Boulder Food Rescue aims to create a more just and less wasteful food system. We facilitate the sustainable redistribution of healthy food that would otherwise be wasted to low-income communities, by bicycle. We work with communities to facilitate their own food redistribution and create decentralized systems to bypass barriers to food access. Our work envisions a world in which everyone has equitable access to healthy food.
HISTORY: Boulder Food Rescue (BFR) was developed in 2011 by Caleb Phillips, Becky Higbee, Nora Lecesse, Helen Katich, and Hayden Dansky. In University of Colorado research conducted by two of BFR’s five founding members, they discovered that enough food is thrown away to feed everyone experiencing food insecurity in Boulder county.
In discussions with grocery stores about this finding, we learned that a significant amount of food was considered too perishable to be donated through traditional food banking. Specifically, in the time it takes for food to be picked up, taken to a warehouse, sorted, then redistributed, the most perishable items, particularly produce, become inedible. BFR was formed to provide direct delivery of produce, using a decentralized model. Delivery was established by bicycle in order to make deliveries environmentally sustainable. Co-founders spent time talking to members of the community receiving food at a meal in the park, via the name Food Not Bombs. Their feedback was that BFR food was the healthiest food they got all week and that the meal felt different because everyone sat down and ate together. This resulted in two core values: (1) improving health equity outcomes by distributing healthy, fresh produce and (2) implementing participatory, community-led structures. Program participants continue to lead and run food distribution, creating systems that work for their communities.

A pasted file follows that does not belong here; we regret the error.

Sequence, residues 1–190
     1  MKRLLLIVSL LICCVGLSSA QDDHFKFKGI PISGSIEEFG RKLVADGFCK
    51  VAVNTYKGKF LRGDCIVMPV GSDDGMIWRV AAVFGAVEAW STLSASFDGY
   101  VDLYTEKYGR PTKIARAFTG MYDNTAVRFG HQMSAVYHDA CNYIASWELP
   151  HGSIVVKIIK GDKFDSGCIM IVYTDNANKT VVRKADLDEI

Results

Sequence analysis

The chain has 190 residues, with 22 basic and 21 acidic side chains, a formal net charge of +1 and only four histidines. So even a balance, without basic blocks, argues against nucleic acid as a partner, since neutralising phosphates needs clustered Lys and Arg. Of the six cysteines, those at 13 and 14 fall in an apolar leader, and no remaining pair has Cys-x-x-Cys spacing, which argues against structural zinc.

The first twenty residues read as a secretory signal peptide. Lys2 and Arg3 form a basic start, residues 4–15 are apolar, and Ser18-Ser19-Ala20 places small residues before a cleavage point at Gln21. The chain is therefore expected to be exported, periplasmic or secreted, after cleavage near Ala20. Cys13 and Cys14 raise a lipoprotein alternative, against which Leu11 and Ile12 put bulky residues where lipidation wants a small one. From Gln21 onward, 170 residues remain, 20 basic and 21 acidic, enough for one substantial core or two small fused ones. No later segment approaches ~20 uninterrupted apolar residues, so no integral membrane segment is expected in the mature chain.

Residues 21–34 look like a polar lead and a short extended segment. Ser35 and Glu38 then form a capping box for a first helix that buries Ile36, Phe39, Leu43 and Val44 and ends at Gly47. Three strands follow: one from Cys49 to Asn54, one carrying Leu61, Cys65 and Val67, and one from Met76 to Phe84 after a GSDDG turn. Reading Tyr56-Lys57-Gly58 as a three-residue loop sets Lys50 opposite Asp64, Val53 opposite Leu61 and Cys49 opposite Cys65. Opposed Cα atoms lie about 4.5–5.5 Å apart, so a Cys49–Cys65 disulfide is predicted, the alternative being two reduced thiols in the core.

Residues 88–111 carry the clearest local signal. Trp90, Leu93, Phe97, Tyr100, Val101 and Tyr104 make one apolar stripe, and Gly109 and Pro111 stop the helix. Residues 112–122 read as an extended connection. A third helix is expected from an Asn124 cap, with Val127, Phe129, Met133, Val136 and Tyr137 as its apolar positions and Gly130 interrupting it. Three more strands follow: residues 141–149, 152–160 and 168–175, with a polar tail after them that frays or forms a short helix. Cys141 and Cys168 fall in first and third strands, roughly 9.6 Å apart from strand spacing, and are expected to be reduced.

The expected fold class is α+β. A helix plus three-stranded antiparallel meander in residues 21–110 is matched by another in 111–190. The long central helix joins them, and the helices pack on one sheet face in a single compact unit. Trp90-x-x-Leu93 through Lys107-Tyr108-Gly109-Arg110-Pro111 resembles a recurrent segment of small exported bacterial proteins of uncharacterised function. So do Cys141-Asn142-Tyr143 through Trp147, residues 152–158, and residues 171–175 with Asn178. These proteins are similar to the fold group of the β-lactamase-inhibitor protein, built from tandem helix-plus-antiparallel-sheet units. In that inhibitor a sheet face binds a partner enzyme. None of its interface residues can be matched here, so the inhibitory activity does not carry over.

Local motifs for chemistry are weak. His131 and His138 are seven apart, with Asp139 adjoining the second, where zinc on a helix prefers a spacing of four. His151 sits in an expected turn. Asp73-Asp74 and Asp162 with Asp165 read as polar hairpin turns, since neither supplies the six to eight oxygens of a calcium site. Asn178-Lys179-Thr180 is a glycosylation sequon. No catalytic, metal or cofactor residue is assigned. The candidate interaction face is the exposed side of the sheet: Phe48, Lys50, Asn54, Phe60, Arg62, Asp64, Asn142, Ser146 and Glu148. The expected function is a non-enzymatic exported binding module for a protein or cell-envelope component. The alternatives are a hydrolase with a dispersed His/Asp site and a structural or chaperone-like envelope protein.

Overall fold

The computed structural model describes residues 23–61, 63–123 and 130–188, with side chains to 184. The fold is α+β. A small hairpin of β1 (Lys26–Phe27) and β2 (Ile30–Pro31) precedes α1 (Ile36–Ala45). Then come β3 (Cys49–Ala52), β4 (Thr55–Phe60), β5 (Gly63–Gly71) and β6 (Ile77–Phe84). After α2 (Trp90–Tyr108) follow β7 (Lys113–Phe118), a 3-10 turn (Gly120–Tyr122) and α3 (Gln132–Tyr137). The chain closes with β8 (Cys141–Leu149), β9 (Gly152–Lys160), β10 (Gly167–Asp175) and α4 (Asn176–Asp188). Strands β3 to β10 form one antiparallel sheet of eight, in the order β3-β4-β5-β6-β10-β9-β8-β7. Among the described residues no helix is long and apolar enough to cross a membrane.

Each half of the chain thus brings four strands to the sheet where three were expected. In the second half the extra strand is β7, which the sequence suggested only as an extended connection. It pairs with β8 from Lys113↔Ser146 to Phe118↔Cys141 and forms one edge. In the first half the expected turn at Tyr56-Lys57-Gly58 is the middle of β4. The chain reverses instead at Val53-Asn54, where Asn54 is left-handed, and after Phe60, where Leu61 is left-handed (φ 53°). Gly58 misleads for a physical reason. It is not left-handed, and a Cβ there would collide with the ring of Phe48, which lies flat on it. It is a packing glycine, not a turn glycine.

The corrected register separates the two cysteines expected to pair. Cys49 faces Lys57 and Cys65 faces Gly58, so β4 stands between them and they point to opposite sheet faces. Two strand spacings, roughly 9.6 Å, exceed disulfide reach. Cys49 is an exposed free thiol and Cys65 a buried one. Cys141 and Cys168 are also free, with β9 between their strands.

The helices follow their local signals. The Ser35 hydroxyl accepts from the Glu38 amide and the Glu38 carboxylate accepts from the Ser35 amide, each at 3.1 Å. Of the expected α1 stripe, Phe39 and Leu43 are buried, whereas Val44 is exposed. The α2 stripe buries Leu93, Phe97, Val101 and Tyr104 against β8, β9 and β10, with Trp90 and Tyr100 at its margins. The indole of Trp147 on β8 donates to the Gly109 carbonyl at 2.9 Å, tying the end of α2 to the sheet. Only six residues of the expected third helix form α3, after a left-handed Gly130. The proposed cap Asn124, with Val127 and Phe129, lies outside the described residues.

Originally, most recipients of BFR food were traditional food access agencies. We soon found that many individuals are faced with barriers to accessing these agencies, including transportation to distribution sites, limited hours of operation, gatekeeping paperwork to access resources, lack of culturally relevant and healthy food, and social stigma associated with using these programs. BFR created No Cost Grocery Programs (NCGPs) to remove as many of these barriers as possible. We deliver food to people in easy-to-access places such as the affordable housing communities they live in or the schools and daycares they attend. From there, food is distributed across the community by Grocery Program Coordinators (GPCs), community members who lead the food distribution. These programs have become the central focus of BFR.